This is just a quick post mortem on Trinity Rep's production of Crime and Punishment, which closed this weekend, and which must go down as one of the oddest misfires in that illustrious company's history.
I feel bad about kicking the show in the pants on the way out the door, but on the other hand I feel I have to note its passing somehow, and I didn't really have the heart to hack it down while it was running (it was the kind of production where you felt for the actors).
I admit I walked into the theatre with some trepidation, because the very idea of adapting Dostoevsky's great psychological case study sounded like folly - but then I also have to admit that Trinity put its foot wrong just about every way possible. For some idea of the project's scrambled tone, check out the graphic at left - that was actually the poster for the show; yes, Dostoevsky's famously conscience-stricken killer, Raskolnikov, has apparently joined the Flying Brothers Karamazov - which gives you some idea of the incomprehensible car-crash that has held sway on Trinity's Dowling stage for the past few weeks.
To begin with, as expected, the adaptation proved problematic. Penned by Trinity artistic director Curt Columbus, it turned out to be only an hour-and-a-half long (length of novel: almost 500 densely printed pages!) - although I admit Columbus did pack in almost every plot point I remember from high school (he wisely begins after its pivotal double murder, which in one of the production's few effective moments, is re-enacted in flashback). Still, with a cast of only three actors, much telling detail is lost (even the crucial moral difference between Raskolnikov's two victims seems blurry) and given the speed with which events whip by, the script has an inevitable Cliff's-Notes vibe.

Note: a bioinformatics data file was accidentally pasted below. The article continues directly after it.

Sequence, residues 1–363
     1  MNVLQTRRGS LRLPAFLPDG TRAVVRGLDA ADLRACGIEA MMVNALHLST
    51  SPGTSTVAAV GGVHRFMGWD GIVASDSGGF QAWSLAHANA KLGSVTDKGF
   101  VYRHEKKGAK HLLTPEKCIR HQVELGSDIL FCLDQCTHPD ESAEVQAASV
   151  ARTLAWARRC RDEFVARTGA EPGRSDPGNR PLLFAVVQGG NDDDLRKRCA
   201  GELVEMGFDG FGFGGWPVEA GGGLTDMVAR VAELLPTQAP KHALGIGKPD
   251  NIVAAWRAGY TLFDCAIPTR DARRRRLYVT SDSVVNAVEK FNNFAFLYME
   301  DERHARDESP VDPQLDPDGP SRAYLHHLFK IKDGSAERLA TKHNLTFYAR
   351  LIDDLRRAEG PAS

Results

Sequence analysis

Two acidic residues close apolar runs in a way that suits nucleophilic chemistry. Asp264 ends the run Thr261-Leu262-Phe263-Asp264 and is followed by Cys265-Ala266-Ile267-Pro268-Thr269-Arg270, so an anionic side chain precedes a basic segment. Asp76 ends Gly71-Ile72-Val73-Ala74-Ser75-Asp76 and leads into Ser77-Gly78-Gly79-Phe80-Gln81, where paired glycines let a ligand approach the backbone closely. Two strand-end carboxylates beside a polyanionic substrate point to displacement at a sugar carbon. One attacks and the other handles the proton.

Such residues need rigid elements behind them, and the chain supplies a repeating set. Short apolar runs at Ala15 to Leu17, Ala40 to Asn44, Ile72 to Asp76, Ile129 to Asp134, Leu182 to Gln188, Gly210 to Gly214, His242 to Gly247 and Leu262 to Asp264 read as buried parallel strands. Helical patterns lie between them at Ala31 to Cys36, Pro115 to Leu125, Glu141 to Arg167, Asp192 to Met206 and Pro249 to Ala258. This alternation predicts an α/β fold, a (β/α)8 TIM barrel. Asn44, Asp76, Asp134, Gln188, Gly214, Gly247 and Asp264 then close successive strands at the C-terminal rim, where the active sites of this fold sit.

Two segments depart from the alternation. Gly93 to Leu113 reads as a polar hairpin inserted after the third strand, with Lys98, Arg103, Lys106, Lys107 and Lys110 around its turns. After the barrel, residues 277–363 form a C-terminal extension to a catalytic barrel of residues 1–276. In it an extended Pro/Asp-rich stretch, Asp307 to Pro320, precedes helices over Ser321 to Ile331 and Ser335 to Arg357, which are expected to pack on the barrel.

Add to that the fact that director Brian Mertes directed the whole thing as if it were occurring within Raskolnikov's head, during one of his episodes of delirium (admittedly, the script's pastiche would nudge any production in that direction), while set designer Eugene Lee came up with what appeared to be a Soho loft decorated for Cowboy Mouth (complete with keyboards, video cameras, a tech booth, lighting that descended to bonk the actors on the head, and of course a man-sized crucifix), and hoo boy, you've got one for the history books.
The actors were basically helpless within this surround, but even within those limits, Stephen Thorne, an expert comic actor who always looks a little panicky when pushed into a tragic role, slightly disappointed anyway. (He should have fought for Raskolnikov's arc somehow, despite everything.) Meanwhile television star (and former Trinity mainstay) Dan Butler - who played detective Porfiry as well as just about every other male role - seemed to take the whole thing as a lark, sometimes going shirtless for some reason, but more often simply trying to have a little sardonic fun wherever he could. I have to report, however, that there was one reason to see this production - newcomer Rachel Christopher was the only member of the cast to tap into the torment of the novel, and her many cameos (particularly her turns as Sonya and Lizaveta) were just as harrowing as they should be. Hopefully, next time Trinity decides to do Dostoevsky, they'll simply cast Ms. Christopher in a one-woman show.